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Thursday, May 20, 2010

Can't we all just get along?

The previous two posts to this blog asked the questions, will the cloud save journalism, and is old (traditional) media dead?

I’d like to expand on this discussion by recounting the experience of a friend of mine who joined the San Francisco Chronicle a few years back to head up the “traditional” newspaper’s new online department, dubbed

At first, she describes, “everything went well.” The traditional print side of the business didn’t fully respect, nor fear, the upstart online editors and reporters, so they simply went about their business as usual.

But soon, the online part of the paper started scooping the print-version of the Chronicle on important local stories by virtue of being able to distribute the stories electronically, i.e., instantaneously. Suddenly, the stories that would have been fresh and exciting in the morning paper were old news.

And, because some of these young, hungry online reporters were willing to get out of the office and actually talk to people, they were coming up with stories on their own that were being missed by the print version.

“Soon, our daily editorial meetings were becoming very contentious,” my friend told me. Rather than working together to provide a comprehensive view of the news – immediate and top level via online and more thorough but a little later in the print version – the two sides of the organization were locked in a ferocious battle.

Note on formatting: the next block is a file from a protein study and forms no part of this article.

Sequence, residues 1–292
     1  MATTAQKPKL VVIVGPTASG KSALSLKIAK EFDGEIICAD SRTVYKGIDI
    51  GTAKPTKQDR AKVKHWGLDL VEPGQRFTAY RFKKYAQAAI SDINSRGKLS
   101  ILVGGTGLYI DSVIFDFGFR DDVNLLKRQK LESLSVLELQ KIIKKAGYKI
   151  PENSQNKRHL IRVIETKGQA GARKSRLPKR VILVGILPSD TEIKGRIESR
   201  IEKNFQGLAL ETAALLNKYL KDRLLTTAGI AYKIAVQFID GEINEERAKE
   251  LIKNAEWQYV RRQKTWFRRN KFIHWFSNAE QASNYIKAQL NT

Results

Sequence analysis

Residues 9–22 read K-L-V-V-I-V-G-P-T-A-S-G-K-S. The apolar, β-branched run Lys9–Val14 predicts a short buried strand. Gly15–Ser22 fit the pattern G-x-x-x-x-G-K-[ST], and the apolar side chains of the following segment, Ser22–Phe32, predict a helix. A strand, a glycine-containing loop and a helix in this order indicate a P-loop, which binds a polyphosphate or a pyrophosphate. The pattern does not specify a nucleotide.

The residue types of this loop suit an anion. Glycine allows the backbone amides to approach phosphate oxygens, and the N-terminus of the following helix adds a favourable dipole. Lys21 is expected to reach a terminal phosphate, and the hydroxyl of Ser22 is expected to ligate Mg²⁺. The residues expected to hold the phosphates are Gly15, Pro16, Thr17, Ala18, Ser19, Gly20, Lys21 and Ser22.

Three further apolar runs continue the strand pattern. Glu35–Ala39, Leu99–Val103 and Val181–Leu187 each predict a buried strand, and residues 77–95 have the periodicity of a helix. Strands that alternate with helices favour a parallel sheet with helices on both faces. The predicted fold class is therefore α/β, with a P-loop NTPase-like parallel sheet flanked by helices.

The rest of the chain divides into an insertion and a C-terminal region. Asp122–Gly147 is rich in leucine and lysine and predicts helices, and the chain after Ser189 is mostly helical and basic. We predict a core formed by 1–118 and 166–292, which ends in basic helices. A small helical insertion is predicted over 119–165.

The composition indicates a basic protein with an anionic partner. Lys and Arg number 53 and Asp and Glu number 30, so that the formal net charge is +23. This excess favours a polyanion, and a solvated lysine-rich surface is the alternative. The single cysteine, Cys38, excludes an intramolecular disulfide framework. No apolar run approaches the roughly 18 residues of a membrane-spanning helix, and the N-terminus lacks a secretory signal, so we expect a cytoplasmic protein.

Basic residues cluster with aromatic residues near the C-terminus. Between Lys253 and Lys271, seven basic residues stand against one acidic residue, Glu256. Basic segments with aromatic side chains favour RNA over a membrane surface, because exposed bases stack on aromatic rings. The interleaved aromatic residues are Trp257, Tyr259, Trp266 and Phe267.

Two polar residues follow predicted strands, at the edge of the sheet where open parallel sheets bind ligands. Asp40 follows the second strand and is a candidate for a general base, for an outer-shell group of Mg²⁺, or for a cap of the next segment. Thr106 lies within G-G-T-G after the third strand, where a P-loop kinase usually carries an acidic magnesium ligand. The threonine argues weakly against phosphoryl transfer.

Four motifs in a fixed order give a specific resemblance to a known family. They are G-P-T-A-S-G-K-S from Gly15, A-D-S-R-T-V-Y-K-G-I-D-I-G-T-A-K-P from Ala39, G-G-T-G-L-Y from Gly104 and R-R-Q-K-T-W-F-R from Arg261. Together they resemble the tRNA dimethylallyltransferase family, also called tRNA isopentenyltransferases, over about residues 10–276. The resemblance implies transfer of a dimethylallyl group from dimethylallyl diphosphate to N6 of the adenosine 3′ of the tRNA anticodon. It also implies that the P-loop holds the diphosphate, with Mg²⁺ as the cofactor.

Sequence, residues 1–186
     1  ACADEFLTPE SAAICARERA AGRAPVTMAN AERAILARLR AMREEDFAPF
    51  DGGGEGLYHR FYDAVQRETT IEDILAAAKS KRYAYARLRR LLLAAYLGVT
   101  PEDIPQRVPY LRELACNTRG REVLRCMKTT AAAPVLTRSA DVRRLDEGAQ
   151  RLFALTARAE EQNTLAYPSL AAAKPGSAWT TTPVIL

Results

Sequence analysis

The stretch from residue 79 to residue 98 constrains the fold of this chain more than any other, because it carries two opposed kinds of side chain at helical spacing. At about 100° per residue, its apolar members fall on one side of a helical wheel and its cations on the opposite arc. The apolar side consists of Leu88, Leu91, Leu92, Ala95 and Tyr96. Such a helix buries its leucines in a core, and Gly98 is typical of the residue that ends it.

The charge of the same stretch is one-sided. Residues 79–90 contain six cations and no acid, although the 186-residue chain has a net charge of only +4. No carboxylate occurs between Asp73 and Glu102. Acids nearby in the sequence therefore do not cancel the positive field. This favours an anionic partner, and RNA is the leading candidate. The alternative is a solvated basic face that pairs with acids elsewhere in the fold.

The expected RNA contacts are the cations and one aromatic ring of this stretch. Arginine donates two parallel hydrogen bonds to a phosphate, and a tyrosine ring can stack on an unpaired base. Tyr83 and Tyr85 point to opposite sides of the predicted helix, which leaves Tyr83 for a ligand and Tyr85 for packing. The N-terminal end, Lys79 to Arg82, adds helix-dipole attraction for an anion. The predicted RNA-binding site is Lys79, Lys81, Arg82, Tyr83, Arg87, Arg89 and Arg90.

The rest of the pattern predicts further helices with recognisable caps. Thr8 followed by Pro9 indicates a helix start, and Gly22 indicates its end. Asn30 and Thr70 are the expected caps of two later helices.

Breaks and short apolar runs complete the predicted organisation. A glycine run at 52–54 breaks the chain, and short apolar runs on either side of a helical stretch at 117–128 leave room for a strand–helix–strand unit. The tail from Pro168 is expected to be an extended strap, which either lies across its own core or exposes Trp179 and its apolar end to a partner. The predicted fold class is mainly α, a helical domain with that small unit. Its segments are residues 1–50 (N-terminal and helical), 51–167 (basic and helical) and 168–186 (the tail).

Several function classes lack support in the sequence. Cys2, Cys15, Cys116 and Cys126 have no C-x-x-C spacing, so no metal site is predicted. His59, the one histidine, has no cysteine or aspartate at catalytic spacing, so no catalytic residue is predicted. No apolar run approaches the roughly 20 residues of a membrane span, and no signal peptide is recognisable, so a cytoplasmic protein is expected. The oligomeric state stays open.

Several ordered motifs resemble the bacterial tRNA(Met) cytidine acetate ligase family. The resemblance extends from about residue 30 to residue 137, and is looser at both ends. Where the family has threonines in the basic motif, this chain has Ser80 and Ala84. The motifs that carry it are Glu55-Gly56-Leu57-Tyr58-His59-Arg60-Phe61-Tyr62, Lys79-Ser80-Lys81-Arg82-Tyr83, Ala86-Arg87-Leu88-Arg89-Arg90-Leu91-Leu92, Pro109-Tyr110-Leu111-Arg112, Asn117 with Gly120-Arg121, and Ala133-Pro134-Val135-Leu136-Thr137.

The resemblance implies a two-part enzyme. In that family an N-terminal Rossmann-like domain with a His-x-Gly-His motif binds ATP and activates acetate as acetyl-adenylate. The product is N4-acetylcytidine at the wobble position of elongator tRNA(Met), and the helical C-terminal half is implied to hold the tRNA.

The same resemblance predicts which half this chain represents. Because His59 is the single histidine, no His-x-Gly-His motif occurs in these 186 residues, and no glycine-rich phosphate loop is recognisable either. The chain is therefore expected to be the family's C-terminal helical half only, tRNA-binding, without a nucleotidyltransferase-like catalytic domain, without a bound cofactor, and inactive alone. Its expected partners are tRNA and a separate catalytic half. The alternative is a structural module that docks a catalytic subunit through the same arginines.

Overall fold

“The print guys still owned the bulk of the advertising dollars,” my friend said, “so we (the online team) were always playing second fiddle.”

After a couple of years of doing this tiresome dance my friend had had enough and decided to strike out on her own.

“I knew that there was a market for an online paper in San Francisco, so I decided to start one of my own,” she told me.

Using her own money, she started the fledgling online paper focused exclusively on local stories. “It was a lot easier than I thought,” she said.

She hired a few reporters and paid them by the stories they wrote. There weren’t any printing or distribution costs because she set up the entire operation in the cloud. She pays only a few dollars a day to have her entire enterprise housed on computers, as she puts it, “somewhere out there.” And the online ads she sells cover her costs and allow her to stash away a little for herself.

She went on to tell me she doesn’t have physical office space because she’s found that when people don’t have to go into the office they find their way onto the streets where the news is being made. As a result she gets better content and is now getting 700,000 unique visits to her site every month.